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(News Focus) (WBC) Underachieving S. Korea crashes out of WBC with sputtering offense, sloppy fielding

All Headlines 02:00 March 06, 2013

By Yoo Jee-ho

TAICHUNG, Taiwan, March 6 (Yonhap) -- Leading up to the World Baseball Classic (WBC), South Korean players and coaches talked the talk. The country was third at the inaugural WBC in 2006 and then was second in 2009. Brimming with confidence, they said they were bound to win it all in their third try.

In Taiwan, though, they couldn't walk the walk.

Despite making seven roster changes before the tournament and losing the country's only two major leaguers -- Cincinnati outfielder Choo Shin-soo and Dodgers pitcher Ryu Hyun-jin -- manager Ryu Joong-il had repeatedly said he had assembled the best national team ever, even better than the teams that ranked third at the first WBC in 2006 and second three years later.

And yet South Korea began the tournament with a 5-0 loss to the Netherlands last Saturday. It beat Australia 6-0 on Monday and also Taiwan 3-2 Tuesday, but that wasn't enough to put the 2009 runner-up into the next round.

It needed to beat Taiwan by six runs, or by at least five and hope for a favorable tiebreak. South Korea had dug too large of a hole with the loss to the Dutch.

The game against Taiwan served as an apt microcosm of the team's performance in the opening round, for it featured an offense that couldn't capitalize on chances and an uncharacteristically sloppy defense.

South Korea eked out just four singles in the 5-0 loss to the Netherlands on Saturday. The hitters appeared to have bounced back by getting 11 hits off Australia in the 6-0 win, but they returned to their old, unproductive selves Tuesday against Taiwan until the three-run eighth inning.

South Korea had a runner on base in each of the first six innings. A timely hit or two could easily have given the team enough momentum before Taiwan came to life and took a 2-0 lead after four innings.

The big guns for South Korea failed to come through when the team needed them the most.

Lee Seung-yeop, batting third, hit a weak pop fly with two runners on in the third inning. He has made a career out of clutch hits in international play, but had only one hit on Tuesday.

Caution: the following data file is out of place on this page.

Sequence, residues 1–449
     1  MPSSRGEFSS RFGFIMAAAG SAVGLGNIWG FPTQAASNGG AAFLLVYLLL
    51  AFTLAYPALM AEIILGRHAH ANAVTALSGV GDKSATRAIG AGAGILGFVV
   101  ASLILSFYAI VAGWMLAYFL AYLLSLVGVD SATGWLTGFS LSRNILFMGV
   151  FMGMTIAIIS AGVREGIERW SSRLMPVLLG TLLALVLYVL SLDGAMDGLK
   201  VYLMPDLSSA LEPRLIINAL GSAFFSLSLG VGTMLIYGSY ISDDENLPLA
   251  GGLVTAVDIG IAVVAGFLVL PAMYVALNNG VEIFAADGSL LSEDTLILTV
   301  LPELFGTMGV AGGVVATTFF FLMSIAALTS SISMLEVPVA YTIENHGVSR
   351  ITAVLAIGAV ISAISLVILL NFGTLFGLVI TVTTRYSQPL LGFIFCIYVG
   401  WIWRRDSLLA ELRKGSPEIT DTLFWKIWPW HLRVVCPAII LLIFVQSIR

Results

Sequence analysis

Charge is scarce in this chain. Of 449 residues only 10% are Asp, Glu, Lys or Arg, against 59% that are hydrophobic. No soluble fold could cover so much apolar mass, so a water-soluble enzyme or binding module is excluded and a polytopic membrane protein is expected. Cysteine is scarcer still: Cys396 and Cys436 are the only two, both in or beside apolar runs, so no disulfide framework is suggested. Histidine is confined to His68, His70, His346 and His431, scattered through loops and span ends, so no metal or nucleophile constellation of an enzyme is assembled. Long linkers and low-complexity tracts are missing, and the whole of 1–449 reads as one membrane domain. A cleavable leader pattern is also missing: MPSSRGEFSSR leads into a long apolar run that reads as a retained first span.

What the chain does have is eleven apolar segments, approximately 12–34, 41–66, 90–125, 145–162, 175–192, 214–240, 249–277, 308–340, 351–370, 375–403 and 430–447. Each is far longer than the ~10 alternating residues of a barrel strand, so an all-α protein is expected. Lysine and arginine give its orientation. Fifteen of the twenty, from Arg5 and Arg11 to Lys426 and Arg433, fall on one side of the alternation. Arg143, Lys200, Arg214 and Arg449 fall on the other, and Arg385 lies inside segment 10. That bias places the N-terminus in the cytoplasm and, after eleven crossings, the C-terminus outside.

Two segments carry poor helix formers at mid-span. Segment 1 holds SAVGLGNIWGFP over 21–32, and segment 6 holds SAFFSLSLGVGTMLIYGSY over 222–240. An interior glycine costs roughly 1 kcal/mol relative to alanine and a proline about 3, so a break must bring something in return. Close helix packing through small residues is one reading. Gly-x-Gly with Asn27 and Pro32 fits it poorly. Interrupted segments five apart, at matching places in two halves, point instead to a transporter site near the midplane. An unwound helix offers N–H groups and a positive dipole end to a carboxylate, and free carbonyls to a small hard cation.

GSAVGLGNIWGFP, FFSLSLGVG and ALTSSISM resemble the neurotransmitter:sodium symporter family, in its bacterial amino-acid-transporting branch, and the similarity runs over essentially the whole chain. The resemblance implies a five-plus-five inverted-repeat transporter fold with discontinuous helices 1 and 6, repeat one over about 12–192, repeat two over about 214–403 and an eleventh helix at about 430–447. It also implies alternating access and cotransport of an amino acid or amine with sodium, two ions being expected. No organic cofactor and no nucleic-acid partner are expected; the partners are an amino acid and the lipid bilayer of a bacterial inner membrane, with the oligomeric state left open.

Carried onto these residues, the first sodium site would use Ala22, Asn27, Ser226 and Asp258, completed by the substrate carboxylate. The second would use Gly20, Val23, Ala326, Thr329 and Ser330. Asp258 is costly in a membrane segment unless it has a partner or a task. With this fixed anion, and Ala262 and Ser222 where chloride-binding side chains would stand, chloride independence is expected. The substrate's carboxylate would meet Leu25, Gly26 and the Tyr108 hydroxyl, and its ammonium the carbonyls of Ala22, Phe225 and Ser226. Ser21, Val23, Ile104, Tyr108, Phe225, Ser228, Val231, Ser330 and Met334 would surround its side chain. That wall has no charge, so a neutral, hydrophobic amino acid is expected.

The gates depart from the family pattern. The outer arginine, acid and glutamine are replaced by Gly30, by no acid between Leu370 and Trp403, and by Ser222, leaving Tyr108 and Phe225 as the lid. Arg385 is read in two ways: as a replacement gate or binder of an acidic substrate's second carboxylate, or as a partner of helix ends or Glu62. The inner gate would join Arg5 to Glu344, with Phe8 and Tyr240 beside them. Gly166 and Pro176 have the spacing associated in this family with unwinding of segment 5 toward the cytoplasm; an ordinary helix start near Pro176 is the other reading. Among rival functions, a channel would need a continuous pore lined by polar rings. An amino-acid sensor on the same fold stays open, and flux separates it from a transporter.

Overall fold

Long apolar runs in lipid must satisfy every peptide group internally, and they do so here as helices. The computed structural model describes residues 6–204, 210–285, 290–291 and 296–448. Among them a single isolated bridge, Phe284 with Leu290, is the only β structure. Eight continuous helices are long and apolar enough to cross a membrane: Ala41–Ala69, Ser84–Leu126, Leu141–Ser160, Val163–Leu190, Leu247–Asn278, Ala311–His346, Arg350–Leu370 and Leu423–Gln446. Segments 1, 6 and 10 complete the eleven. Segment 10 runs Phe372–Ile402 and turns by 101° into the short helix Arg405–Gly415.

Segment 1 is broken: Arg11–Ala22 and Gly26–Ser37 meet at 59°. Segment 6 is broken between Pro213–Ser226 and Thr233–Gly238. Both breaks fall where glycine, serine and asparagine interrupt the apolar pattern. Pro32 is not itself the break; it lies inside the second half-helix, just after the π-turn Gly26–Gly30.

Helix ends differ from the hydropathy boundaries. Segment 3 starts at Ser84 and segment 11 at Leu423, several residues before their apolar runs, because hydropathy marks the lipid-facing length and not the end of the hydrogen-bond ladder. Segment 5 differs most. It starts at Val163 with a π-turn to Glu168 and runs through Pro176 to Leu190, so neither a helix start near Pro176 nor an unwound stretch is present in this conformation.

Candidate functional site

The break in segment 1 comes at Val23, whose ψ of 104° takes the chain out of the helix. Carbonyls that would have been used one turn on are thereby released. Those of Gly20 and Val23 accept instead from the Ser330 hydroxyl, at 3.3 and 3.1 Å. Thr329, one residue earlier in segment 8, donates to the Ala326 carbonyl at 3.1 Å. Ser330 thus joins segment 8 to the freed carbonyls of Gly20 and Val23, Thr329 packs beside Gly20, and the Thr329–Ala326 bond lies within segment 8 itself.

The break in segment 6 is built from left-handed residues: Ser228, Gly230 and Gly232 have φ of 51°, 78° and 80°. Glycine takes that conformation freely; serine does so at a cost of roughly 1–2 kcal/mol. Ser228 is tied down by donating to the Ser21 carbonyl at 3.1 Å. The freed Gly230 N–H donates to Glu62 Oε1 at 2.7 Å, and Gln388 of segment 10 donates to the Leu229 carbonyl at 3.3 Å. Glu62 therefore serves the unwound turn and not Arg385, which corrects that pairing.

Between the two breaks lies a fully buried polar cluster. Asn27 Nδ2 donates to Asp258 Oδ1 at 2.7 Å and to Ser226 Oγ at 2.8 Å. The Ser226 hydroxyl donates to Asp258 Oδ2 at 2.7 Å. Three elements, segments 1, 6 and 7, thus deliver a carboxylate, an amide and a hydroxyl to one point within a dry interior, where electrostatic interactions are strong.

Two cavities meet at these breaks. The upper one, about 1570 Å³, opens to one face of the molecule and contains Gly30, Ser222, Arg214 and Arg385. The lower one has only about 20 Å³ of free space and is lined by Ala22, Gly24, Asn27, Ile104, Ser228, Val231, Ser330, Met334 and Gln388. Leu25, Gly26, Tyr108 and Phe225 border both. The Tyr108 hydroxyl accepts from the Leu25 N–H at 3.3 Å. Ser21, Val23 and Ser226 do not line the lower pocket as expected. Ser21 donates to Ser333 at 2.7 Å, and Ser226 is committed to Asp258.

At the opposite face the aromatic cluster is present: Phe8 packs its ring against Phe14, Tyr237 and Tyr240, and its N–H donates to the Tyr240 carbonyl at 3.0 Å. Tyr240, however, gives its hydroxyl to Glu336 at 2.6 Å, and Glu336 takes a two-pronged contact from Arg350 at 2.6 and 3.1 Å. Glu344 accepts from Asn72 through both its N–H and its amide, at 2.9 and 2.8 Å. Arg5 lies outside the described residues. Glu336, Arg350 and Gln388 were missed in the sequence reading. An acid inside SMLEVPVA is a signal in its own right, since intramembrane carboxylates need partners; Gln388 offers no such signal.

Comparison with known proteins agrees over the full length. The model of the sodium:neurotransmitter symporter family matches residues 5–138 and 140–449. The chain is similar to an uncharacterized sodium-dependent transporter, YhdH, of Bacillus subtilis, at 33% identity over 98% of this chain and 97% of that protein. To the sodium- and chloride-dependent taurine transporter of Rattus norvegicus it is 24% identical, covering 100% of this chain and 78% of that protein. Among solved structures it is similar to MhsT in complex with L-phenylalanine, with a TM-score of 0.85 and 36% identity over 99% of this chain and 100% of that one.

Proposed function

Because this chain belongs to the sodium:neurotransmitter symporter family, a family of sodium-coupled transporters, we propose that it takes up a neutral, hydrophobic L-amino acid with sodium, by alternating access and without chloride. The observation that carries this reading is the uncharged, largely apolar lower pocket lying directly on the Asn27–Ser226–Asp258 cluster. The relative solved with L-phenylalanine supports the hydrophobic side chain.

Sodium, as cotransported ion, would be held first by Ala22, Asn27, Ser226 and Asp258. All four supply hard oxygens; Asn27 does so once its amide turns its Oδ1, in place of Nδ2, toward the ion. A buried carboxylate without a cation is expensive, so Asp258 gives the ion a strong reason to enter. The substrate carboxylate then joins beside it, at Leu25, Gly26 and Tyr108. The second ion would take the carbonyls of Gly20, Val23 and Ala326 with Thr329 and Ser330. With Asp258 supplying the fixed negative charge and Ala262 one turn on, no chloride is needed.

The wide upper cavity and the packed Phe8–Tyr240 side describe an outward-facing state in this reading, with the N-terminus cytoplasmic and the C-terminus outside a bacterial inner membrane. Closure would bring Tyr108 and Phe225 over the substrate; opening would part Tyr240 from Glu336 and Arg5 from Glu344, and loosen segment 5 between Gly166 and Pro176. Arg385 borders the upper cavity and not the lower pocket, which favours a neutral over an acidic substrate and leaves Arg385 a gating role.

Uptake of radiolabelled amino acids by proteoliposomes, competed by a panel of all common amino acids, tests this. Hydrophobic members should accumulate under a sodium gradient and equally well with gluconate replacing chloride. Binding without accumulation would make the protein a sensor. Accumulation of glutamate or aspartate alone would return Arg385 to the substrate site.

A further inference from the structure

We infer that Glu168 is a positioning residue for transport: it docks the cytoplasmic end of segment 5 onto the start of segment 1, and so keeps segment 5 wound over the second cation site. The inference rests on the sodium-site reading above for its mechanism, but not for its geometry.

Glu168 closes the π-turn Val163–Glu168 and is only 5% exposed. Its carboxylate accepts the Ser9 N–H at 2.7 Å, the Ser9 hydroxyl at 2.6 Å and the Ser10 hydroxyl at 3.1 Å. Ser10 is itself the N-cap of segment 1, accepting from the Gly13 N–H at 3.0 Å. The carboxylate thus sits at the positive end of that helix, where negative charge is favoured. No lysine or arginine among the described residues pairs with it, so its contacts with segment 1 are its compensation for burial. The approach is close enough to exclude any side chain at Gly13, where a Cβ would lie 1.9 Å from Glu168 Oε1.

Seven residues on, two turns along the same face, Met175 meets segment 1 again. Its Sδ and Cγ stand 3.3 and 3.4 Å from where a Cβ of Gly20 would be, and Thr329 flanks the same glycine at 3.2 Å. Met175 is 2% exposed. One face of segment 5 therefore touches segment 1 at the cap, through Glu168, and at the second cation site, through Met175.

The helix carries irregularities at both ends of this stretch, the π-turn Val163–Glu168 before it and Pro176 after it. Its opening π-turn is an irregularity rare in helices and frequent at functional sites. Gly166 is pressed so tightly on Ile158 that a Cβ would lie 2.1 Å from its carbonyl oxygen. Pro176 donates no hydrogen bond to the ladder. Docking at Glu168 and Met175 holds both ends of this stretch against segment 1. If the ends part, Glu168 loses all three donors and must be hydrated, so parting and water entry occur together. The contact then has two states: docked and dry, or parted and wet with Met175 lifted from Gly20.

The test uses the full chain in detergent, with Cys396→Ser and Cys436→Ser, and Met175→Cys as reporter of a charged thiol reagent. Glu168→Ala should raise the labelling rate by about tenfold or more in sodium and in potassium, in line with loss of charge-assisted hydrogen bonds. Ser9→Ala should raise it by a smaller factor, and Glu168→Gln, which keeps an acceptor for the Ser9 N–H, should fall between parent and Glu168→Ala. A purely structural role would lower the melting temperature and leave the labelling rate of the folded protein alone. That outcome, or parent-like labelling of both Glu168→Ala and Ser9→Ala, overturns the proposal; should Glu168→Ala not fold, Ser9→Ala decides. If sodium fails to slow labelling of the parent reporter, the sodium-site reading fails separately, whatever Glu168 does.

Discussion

Kim Tae-kyun, the reigning batting champion in the Korea Baseball Organization (KBO), made a pinch hit appearance with the bases loaded in the fourth, but he hit a fly out to left field.

Lee Yong-kyu and Jeong Keun-woo, who alternated as the lead-off man and No. 2 hitter in the first round, once again couldn't generate much spark at the top. Lee, leading off against Taiwan, was 0-for-3 and was hit by a pitch. Jeong was 0-for-2 but got on base twice with two walks.

His day on the base path also wasn't very productive, as he was thrown out twice, first at third base following an errant throw to second in a steal attempt, and then at home when he tried to score from first in the fifth inning.

For the tournament, Lee picked up just two hits in eight at-bats. Jeong was hitless in his 11 at-bats.

Sub-par fielding also hurt South Korea. In the third inning against Taiwan, center fielder Jeon Jun-woo bobbled the ball on a single that he should have handled easily, and the mishap allowed the runner, Yang Dai-Kang, to score all the way from first.

The play brought more than 23,400 vociferous fans, almost entirely Taiwanese, into the game. Though Taiwan ultimately blew the lead, it did just enough to secure a berth in the next round.

Almost as much as these physical problems, South Korean players may also be guilty of lacking the mental fortitude that defined earlier national teams.

Committing four fielding errors in a game, especially against the underdog, is a cardinal sin in baseball. The South Korean infield had two errors in the first inning against the Netherlands alone, and before the players knew what hit them, they ended up losing 5-0.

Ahead of that opening match, South Korean manager Ryu Joong-il and other players had said there wasn't much to fear about the Dutch team. But on Tuesday, hours before the game against Taiwan, Ryu acknowledged the Netherlands took his team by surprise.

"Maybe we took them a bit too lightly," the manager said. "But they also played better than we'd expected."

That Ryu was surprised at all illustrates an apparent lack of advance scouting on the South Korean part.

After the Dutch victory, media reports revealed that Ryan Sadowski, a former pitcher for the KBO team Lotte Giants, offered a detailed scouting report on the Korean team here for the Dutch manager, Hensley Muelens.

Muelens, a hitting coach for the San Francisco Giants, asked Sadowski, a former San Francisco pitcher who spent three seasons in the KBO, to share his knowledge of South Korean players.

It's hard to determine exactly how much Sadowski's report helped the Netherlands, but it was telling that South Korea didn't even ask the ex-Lotte pitcher for any help.

"Obviously, I was surprised no one from the Korean team contacted me for a report on the Dutch hitters I've seen. I would have been happy to send them a report in Korean," Sadowski was quoted as saying in an article on FOX Sports. "I would have been more than happy to make it an even playing field."

Instead, South Korean scouts hastily built their report based on the few practice matches that the Dutch played in Taiwan.

Expectations raised by the country's strong finishes at the two earlier WBCs only set up fickle baseball fans for disappointment. Ryu, the manager, said after Tuesday's game that the opening round exit had been a good learning experience.

"The profile of Korean pro baseball had been raised a great deal after the first two WBCs," he said. "Hopefully, we will take this opportunity to take the next step."


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